Five Solas

主なる神の言葉である聖書を、あらゆる事柄に関する最高権威、人生における規範とし、イエス・キリストを主とする神の国(支配)の拡大と完成を願っています。

Kenneth L. Gentry, Jr. He Shall Have Dominion 11 The Proclamation of the Kingdom

Kenneth L. Gentry, Jr. He Shall Have Dominion 11 The Proclamation of the Kingdom
【関心・疑問】

【論文名】
11. Realization

【著者名】
Kenneth L. Gentry, Jr.

【書名・(巻・号)・出版社・出版年・(版)】
He Shall Have Dominion: A Postmillennial Eschatology, Tyler, Texas, Institute for Christian Economics, 1992, pp.210-231

【本文の構成】
Foreword (Gary North)
Preface
PART I: INTRODUCTION
 1. The Significance of Eschatology
 2. The Purpose of This Treatise
 3. The Pessimistic Millennial Views
 4. Introduction to Postmillennialism
PART II: INTERPRETATION
 5. The Revelation of Truth
 6. The Covenants of Redemption
 7. The Righteousness of God
 8. The Hermeneutic of Scripture
PART III: EXPOSITION
 9. Creation
 10. Anticipation
 11. Realization
  Inauguration
   The Birth of the King
   The Approach of the Kingdom
   The Establishment of the Kingdom
  Application
   The Coronation of the King
   The Proclamation of the Kingdom
   The Building of the Kingdom
   The Kingdom’s Spiritual Nature
   The Kingdom’s Cosmic Advance
  Conclusion
 12. Expansion
 13. Consummation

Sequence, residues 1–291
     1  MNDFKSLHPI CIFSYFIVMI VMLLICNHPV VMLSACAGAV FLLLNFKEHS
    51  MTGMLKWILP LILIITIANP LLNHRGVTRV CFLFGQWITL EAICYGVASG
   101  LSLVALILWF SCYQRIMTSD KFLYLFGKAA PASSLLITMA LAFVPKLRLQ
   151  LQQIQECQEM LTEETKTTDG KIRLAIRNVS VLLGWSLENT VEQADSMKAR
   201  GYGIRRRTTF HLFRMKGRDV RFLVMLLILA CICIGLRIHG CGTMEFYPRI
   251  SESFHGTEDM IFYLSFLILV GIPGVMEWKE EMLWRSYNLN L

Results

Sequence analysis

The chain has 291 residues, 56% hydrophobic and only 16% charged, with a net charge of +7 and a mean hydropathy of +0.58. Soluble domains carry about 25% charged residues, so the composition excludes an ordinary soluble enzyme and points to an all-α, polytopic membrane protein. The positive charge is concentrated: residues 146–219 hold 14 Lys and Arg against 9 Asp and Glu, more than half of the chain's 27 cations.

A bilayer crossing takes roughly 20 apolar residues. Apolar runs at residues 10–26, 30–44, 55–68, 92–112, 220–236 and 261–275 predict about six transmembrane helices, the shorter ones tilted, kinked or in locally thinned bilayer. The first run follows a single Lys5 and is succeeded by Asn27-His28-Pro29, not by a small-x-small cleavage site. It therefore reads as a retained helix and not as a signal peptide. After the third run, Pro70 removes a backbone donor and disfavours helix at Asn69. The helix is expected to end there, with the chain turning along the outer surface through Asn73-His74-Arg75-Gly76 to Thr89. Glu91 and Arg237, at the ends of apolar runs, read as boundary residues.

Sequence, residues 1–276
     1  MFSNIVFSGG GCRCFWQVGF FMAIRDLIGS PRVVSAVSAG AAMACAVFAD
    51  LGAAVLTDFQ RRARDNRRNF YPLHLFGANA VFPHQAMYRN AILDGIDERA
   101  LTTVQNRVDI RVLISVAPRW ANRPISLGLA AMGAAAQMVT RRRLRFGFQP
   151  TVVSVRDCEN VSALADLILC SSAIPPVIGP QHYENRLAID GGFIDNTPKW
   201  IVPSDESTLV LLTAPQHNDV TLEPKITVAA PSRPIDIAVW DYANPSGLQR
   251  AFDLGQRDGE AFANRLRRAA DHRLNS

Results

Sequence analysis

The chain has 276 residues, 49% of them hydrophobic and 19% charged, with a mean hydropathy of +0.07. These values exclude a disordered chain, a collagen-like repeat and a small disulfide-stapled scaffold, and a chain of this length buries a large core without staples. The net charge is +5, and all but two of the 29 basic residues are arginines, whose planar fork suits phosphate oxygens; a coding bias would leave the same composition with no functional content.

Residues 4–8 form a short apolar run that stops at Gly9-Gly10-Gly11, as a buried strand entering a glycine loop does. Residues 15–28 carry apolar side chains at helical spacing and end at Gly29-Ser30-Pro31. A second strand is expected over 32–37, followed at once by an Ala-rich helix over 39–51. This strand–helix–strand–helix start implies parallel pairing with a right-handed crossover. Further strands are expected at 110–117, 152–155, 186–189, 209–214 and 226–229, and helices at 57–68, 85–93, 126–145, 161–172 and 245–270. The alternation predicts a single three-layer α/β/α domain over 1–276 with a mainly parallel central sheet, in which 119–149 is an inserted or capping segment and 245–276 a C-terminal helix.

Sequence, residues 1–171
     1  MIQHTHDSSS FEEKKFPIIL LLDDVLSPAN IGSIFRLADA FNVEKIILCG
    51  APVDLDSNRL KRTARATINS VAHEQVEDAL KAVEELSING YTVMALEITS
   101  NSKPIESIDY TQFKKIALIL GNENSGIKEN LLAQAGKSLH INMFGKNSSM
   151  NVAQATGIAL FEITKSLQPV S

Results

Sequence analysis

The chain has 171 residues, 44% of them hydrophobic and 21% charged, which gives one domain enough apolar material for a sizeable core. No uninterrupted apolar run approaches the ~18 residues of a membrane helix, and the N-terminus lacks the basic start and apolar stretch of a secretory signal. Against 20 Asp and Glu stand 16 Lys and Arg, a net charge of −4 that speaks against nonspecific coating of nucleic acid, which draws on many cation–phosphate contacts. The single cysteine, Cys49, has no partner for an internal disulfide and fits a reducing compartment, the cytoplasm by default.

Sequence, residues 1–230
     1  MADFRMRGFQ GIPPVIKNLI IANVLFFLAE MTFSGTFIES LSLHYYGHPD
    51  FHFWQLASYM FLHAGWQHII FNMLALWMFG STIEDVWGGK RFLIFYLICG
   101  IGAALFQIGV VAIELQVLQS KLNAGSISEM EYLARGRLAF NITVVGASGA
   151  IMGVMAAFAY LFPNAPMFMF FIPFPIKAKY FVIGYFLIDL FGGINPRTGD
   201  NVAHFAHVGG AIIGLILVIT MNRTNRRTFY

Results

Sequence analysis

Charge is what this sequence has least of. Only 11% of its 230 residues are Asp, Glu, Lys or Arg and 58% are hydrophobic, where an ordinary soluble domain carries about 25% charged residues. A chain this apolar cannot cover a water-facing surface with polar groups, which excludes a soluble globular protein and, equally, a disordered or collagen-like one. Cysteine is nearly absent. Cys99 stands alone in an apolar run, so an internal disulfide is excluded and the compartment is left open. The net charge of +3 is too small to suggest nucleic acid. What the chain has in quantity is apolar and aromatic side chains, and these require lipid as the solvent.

PART IV: SPECIFICATION
 14. Time Frames
 15. Features
 16. Characters
 17. Revelation
PART V: OBJECTIONS
 18. Pragmatic Objections
 19. Theological Objections
 20. Biblical Objections
PART VI: CONCLUSION
 Concluding Remarks
 Appendix A: Cultural Antinomianism
 Appendix B: Postmillennialism and Suffering

【内容の要約(ページ数)】

【引用したい文章(ページ数)】
The Proclamation of the Kingdom

 This is why there is so much “kingdom of God” proclamation in the New Testament.25 In Acts 3:15, Peter preaches Christ as the “prince of life.” In Acts 5:31a, he asserts his obligation to disobey civil authority when it demands that he cease preaching Christ. His rationale is important: “Him God has exalted to His right hand to be Prince and Savior.” The word “prince” here may literally be translated “leader, ruler, prince.”26 He was exalted to become Prince or Ruler. (p.222)

25. See: Acts 8:12; 14:22; 19:8; 20:25; 28:23, 31; Rom. 14:17; 1 Cor. 4:20; 6:910; 15:50; Gal. 5:21; Eph. 5:5; Col. 1:13; 4:11; 1 Thess. 2:12; 2 Thess. 1:5; 2 Tim. 4:1; 4:18; Heb. 1:8; 12:28; Jms. 2:5; 2 Pet. 1:11.
26. W. F. Arndt and F. W. Gingrich, A Greek-English Lexicon of the New Testament (Chicago: University of Chicago Press, 1957), p.112. (p.222)

 In Acts 17:7, we learn of the civil turmoil the early Christians were causing. The charge against them is most interesting and must be based in reality, even if largely misunderstood by the unbelieving populace. Just as the Jews accused Jesus of claiming to be a king,27 so we read of the charge against His followers: “These all do contrary to the decrees of Caesar, saying that there is another king, one Jesus.” Just as Jesus did in fact teach that He was a king (though in a non-political sense, John 18:36-37), his followers did the same. (p.222)

27. See: Matt. 27:29, 37; Mark 15:12, 26; Luke 23:3; John 18:33; 19:12, 15, 21. (p.222)

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